Get your kids to eat: Green Peas

We don’t usually think about green peas as an exotic food in terms of nutrient composition but we should. Because of their sweet taste and starchy texture, we know that green peas must contain some sugar and starch (and they do). But they also contain a unique assortment of health-protective phytonutrients. One of these phytonutrients, a polyphenol called coumestrol, has recently come to the forefront of research with respect to stomach cancer protection.

A Mexico City-based study has shown that daily consumption of green peas along with other legumes lowers risk of stomach cancer (gastric cancer), especially when daily coumestrol intake from these legumes is approximately 2 milligrams or higher. Since one cup of green peas contains at least 10 milligrams of coumestrol, it’s not difficult for us to obtain this remarkable health benefit. (source)

Dried peas need to be washed and any discoloured peas or little stones discarded. Split peas don’t need to be soaked but doing so helps speed up the cooking time, but if adding to a soup they don’t need soaking. Simply wash, add to the rest of the ingredients, and cook.

Dr. Andrew Weil on health benefits and how to cook them:


There are few of us who have not found comfort in a steaming bowl of split pea soup at one time or another. Split peas are the dried, peeled, and most often split spherical seeds of the common pea plant, Pisum sativum. They can be purchased whole and un-split as well, though these take longer to cook.

Peas are thought to have originated somewhere between the Middle East and Central Asia; and, until the 16th century, when more tender varieties were able to be cultivated, they were almost exclusively consumed by humans in their dried form.

Just one cup of cooked split peas provides a full 65 percent of the Daily Value for fiber, making them, like all legumes, highly beneficial in blood sugar management and cholesterol control. Dried peas are also a good source of B vitamins (folate and thiamin) and various minerals such as magnesium, phosphorous and potassium.

Cooking time: Split peas, 30-60 minutes; whole peas, 60-90 minutes
Liquid per cup of legume: Split peas, 4 cups; whole peas, 6 cups
How to cook dried peas: While dried split peas do not need to be soaked, dried whole peas should be soaked overnight prior to cooking.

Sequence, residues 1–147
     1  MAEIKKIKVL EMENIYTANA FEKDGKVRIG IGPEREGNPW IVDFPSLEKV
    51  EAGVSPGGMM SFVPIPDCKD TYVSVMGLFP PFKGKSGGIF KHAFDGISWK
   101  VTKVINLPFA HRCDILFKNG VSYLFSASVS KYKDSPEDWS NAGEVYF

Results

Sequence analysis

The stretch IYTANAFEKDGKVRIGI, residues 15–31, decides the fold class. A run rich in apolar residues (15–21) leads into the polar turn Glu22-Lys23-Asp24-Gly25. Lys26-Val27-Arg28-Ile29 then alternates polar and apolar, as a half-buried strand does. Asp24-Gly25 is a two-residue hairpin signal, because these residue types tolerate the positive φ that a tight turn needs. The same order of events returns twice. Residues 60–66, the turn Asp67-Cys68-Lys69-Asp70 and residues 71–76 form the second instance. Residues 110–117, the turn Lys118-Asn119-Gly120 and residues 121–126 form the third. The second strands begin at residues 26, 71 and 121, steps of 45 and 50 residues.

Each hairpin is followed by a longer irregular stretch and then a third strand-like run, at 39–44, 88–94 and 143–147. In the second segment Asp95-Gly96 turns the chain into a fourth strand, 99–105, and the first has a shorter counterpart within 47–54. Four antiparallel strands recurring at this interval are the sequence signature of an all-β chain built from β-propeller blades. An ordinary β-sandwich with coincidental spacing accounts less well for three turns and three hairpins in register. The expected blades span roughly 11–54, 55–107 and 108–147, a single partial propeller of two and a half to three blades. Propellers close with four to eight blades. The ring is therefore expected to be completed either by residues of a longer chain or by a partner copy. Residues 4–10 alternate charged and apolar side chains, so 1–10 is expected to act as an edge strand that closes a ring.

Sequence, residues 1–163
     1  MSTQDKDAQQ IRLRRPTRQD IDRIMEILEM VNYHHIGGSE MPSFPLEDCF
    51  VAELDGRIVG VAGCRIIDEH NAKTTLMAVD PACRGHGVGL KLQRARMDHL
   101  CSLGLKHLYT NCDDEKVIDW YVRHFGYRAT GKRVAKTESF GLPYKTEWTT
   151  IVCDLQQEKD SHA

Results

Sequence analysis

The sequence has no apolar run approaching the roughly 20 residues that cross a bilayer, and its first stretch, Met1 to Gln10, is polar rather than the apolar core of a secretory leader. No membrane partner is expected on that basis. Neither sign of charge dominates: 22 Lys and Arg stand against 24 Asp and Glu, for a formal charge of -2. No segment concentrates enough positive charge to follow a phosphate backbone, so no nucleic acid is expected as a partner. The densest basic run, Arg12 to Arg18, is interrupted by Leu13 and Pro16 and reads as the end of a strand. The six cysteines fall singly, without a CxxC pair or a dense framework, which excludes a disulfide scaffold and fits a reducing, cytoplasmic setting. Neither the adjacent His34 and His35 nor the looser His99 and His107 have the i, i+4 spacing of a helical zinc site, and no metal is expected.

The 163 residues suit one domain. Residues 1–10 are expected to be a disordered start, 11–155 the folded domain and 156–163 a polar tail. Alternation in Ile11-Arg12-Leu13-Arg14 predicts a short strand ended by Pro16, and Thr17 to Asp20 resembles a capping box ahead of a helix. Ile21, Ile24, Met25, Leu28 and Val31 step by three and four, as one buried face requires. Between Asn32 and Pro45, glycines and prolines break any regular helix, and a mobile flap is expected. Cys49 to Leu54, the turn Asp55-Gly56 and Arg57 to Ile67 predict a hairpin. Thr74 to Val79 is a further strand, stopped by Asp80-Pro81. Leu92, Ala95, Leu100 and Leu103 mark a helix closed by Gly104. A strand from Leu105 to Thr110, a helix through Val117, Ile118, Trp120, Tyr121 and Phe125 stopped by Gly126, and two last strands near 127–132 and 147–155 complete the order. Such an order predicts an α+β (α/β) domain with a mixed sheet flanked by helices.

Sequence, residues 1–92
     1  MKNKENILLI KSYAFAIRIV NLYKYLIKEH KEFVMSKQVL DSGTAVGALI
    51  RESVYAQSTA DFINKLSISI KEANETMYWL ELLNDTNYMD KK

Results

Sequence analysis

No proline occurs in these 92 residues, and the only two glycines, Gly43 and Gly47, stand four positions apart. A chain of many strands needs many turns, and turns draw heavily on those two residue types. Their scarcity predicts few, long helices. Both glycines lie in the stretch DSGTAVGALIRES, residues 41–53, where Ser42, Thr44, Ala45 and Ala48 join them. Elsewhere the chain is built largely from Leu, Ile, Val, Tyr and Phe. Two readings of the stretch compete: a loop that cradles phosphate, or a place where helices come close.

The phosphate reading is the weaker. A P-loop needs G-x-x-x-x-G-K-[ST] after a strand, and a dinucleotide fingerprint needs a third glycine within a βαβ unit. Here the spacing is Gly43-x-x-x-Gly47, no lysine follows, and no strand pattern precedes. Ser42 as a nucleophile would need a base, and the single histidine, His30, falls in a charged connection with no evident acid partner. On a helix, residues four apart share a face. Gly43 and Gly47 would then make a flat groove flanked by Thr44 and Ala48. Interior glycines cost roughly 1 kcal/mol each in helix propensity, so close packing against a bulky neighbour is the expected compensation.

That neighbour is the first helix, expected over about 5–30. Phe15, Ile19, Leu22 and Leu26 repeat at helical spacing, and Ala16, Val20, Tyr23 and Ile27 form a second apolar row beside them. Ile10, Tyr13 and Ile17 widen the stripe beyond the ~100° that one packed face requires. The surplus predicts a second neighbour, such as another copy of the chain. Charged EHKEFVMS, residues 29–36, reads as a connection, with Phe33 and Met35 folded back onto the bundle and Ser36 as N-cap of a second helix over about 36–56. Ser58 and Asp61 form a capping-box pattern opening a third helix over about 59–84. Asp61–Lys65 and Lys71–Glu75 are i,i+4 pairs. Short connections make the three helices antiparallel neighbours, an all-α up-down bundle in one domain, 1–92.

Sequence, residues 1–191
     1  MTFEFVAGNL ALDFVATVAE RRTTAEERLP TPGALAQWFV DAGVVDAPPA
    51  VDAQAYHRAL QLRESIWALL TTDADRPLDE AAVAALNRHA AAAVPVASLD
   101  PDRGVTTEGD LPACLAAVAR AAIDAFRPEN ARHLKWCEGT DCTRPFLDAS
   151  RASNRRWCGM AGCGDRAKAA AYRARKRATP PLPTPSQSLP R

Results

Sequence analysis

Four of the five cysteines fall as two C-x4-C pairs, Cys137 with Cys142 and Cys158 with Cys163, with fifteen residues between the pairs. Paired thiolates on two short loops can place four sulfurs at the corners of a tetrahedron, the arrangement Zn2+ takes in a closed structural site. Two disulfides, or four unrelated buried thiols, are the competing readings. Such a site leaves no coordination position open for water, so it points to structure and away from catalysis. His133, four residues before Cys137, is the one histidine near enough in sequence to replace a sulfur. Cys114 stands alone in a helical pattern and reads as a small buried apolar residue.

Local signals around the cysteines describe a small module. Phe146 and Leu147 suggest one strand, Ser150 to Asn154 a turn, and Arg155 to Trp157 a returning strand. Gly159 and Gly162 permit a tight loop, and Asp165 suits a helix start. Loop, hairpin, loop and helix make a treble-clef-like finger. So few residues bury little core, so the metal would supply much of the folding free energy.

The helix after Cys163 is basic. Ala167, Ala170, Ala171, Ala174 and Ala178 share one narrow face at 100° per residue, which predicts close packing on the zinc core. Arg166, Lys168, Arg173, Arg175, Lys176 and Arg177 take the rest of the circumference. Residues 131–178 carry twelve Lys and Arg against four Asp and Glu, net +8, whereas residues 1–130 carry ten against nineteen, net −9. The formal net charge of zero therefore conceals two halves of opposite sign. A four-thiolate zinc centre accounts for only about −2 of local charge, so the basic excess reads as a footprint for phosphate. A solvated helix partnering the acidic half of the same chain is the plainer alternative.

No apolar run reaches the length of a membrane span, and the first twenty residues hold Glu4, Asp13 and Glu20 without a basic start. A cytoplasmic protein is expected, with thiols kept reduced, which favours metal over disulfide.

For split peas, combine in a pot with fresh, cold water for cooking. Place on stove and bring to a boil in a pot with a lid. Once boiling, reduce to a simmer, tilting the lid slightly to allow steam to escape, and leave to cook for up to 60 minutes, or until mushy.
For whole peas, drain soaking water and replace with fresh, cold water for cooking. Place on stove and bring to a boil in a pot with a lid. Once boiling, reduce to a simmer, tilting lid slightly to allow steam to escape, and leave to cook for up to 90 minutes, or until tender. (source)

Here is my all-time favorite recipe for split-pea soup WITH fresh (frozen) peas added at the end. I often adapt this recipe by replacing the bacon (nitrate free of course) with 1-cup of leftover ham that’s been diced, labeled, frozen and ready for soup. 
This recipe is superbly delicious, and it freezes beautifully. 

Speedy Split Pea Soup With Bacon (or ham)

Makes 6 generous servings (or lots to freeze) and is ready in about an hour.

1 package bacon, chopped (or 1-2 cups diced cooked ham)
1 large onion, chopped
2 carrots, peeled and chopped
2 stalks celery, washed and chopped
2 cloves garlic, peeled sliced thinly
2 cups dried split peas
8 cups chicken or vegetable stock
2 bay leaves
1 tablespoon dried rosemary
Salt and pepper
2 cups of frozen peas
1 tablespoon of any vinegar

Place bacon in a large soup pot over a medium high heat. When the bacon is brown and crispy drain away the fat, leaving about 2 Tbsp in the pot (alternately, first cook veg in a bit of EVOO and add thawed cooked ham when adding dried peas, stock and seasonings). Add onion, carrots, celery and garlic to the pot and sauté for a few minutes. Add the dried peas, stock, bay leaves, rosemary and salt and pepper. Bring to a simmer and continue cooking until the soup is thick and the peas are completely soft. Stir in frozen peas and stir to heat through. Stir in the vinegar and add salt and pepper to taste. (recipe source) Gina’s Note: The bright pop of flavor from the fresh/frozen green peas adds a real freshness and depth to this dish, and the vinegar (I use red wine vinegar) simply highlights all the flavours already there. You won’t actually taste vinegar, it’s simply doing its magic of heightening flavors.

 



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